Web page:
Congo African Grey Parrot Problems |

Congo African Grey Problems

Congo African Grey Problems

The Congo African grey is one of the most intelligent companion bird on the planet, as well as the most closely studied. They can speak, and with specific training, comprehend, thousands of words and mimic more sounds than you can keep track of.

A bird this intelligent is bound to have some pretty big problems, right? They’re bound to be needy and precocious and demanding, right? Especially when brought into captivity, yes?

Yes and no. The Congo African grey, most certainly needs plenty of attention from their owners, excellent care and stimulation… however with regular attention to their socialization and training they’re a great companion bird with few problems.

However, when behavior problems do arise, and we’re talking about behaviors like biting, screaming, and feather plucking, they are generally the result of something missing from your Congo African grey’s environment. Let’s take a look at these behaviors individually and examine the elements that can cause the behavior.

Congo African Grey Biting:

Congo African grey’s have the reputation of being a bird prone to biting. This isn’t really a fair reputation. The majority of biting

issues are related to not being properly socialized. In short, the bird bites because they’re afraid or disapproving of something and biting is the only way for them to tell you. So you see calling them biting birds or mean birds isn’t fair if they’re biting because they’re afraid. How else are they supposed to protect themselves? Especially since most bird owners clip the wings of their pets almost immediately as most pet shops, breeders and vets highly recommend this for the bird’s safety not to fly and hurt themselves… we HIGHLY disagree with this and believe a bird cannot be ultimately healthy if it cannot exercise properly by flight. A bird’s respiratory doesn’t even work properly unless in flight! Their entire being is built around being able to fly, so why bring them into our homes to enjoy only to take that away? The one thing that makes them unique from so many other mammals. Flight can be something both your bird and you can enjoy if you do the proper flight training.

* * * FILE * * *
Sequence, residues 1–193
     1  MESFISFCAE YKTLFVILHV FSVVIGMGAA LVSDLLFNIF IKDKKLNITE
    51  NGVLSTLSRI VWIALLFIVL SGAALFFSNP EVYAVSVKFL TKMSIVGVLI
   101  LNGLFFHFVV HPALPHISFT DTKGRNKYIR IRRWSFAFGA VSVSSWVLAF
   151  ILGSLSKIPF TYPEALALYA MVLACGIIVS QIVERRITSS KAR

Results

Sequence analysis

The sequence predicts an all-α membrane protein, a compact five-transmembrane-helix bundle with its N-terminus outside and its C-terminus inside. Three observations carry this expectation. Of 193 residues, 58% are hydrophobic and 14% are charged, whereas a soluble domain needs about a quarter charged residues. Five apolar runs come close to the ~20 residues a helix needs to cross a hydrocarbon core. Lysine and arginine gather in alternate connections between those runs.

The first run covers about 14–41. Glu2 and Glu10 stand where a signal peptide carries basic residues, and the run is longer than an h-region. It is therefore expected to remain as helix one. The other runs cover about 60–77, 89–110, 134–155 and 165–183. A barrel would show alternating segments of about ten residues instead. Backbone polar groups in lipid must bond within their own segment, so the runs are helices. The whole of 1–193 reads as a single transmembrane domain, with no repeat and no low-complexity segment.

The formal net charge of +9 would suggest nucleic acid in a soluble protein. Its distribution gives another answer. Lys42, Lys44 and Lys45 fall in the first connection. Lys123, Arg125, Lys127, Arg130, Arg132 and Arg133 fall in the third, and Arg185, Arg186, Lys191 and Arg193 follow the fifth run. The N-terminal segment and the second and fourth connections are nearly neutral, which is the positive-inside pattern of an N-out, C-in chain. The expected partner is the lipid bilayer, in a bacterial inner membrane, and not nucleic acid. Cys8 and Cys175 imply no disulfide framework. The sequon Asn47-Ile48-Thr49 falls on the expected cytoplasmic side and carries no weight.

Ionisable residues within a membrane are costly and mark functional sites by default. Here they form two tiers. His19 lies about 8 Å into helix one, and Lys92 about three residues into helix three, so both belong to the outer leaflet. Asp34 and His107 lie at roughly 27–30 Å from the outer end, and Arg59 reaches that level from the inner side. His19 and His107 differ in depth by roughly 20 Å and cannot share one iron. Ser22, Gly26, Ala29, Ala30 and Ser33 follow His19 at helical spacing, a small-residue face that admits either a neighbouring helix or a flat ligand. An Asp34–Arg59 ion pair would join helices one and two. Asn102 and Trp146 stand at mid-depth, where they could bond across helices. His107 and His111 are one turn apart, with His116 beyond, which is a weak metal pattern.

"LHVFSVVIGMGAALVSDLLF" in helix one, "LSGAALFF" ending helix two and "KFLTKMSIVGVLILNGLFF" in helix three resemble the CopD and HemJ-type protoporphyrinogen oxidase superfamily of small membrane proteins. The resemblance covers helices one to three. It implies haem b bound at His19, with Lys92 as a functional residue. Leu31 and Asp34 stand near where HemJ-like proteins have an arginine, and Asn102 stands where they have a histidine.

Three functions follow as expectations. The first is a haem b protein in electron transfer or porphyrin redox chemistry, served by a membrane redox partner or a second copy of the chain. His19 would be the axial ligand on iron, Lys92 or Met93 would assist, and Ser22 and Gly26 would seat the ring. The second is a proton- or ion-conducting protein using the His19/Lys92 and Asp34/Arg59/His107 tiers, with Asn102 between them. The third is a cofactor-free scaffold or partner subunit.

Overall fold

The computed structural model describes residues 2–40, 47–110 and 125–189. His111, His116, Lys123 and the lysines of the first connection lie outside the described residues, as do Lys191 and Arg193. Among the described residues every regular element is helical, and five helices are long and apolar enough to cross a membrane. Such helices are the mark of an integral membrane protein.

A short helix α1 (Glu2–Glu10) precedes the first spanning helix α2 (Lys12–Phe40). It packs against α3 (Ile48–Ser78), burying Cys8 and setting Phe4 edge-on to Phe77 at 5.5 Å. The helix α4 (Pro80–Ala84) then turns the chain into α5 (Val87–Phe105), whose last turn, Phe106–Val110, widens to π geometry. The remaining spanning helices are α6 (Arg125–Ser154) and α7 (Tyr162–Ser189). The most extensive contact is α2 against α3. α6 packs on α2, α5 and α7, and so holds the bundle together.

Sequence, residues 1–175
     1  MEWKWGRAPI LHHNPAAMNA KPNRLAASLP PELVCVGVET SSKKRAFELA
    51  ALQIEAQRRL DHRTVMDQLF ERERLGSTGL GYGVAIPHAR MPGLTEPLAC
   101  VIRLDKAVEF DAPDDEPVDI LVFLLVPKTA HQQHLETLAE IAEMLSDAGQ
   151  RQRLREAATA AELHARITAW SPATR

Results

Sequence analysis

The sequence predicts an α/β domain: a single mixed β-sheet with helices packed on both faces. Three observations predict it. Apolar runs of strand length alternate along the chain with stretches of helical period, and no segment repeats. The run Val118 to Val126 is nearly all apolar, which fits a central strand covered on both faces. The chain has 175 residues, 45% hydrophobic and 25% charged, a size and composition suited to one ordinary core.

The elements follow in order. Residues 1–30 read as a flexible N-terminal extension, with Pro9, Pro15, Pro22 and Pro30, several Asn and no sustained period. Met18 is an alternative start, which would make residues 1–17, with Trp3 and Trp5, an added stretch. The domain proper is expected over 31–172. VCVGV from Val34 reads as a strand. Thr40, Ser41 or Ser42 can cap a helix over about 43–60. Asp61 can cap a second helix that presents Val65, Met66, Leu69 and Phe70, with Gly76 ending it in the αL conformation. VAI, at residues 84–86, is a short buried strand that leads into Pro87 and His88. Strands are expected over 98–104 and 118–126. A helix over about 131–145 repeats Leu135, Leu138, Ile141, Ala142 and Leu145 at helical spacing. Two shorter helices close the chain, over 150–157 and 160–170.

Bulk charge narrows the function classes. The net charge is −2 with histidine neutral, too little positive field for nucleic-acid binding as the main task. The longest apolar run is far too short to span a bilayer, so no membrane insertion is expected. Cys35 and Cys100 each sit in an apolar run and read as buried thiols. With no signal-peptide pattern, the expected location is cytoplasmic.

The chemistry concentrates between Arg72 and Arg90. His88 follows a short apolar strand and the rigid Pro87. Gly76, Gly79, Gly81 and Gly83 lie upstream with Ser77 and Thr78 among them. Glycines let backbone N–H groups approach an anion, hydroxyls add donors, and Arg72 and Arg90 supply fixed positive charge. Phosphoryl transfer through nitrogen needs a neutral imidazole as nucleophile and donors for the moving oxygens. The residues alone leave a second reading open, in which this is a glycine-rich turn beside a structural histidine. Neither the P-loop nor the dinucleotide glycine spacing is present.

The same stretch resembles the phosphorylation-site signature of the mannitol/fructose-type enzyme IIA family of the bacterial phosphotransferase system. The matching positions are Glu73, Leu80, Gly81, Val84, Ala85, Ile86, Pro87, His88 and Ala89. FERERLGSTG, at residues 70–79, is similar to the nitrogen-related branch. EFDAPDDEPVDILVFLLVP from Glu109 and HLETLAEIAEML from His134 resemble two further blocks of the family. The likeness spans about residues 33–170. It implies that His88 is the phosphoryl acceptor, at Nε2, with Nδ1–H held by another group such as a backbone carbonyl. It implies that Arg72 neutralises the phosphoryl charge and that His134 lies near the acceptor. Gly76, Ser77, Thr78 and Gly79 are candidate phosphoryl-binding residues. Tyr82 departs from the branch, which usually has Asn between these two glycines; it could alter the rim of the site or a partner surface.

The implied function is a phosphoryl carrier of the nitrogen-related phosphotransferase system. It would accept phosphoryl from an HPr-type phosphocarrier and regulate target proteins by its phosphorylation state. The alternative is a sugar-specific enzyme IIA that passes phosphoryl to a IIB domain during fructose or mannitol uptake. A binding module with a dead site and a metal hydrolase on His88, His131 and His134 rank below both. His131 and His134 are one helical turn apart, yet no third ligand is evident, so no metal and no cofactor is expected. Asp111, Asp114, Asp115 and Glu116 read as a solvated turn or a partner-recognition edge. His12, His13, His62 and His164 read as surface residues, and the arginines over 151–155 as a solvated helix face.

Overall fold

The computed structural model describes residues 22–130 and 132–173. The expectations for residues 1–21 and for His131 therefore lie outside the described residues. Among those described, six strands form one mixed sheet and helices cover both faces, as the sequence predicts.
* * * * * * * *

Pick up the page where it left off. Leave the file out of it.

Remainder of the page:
However when it comes to every day skills, in order to properly socialize your Congo African grey, plan on having an abundance of patience, lots of love and understanding, and the desire to build a strong bond of love and trust with your grey. And maybe some treats on hand, too!

Why lots of patience? Well imagine someone is trying to get you to not be afraid of them and they’re 20 times your size and they speak a language you don’t completely understand and they’re picking you up and touching you and asking you to do things you don’t understand or don’t want to do. Are you going to immediately go “oh, okay I’m going to trust this person” or is it going to take some time for you to learn to trust them? Training bridges the gap of speaking different languages, that’s why it is so important to implement with parrots.

Other reasons a Congo African grey may develop a biting habit are because they’re bored, sexually frustrated – this happens during sexual maturity, and stressed by their environment.

Your first step to stopping the biting behavior is to first make sure your bird is receiving optimal care. This means they’re getting plenty of good sleep (12 hours per night), have a quality pellet based diet (natural, natural, natural and oh did I say, natural?!) with an abundance of fresh fruits and vegetables, and they are getting lots of out of the cage time with you. For more information on the diet see Congo African grey diet.

The second step is to spend time with your Congo African grey every day training them. Not only will this training eliminate current biting habits, it will go a long way toward preventing any future behavior issues. Sign up for our free newsletter to get more training information. You will be shocked at how little it takes to train and how fast these parrots catch onto it! I’ve taught tricks in under 2 minutes once a bird understood the premise of training. When you are able to speak the same language, everything else falls into place. Your training sessions should literally not exceed over 5 minutes and should be more-so around a minute and a half to two minutes! Always leave your bird wanting more (as well as yourself) to keep it fun and interesting.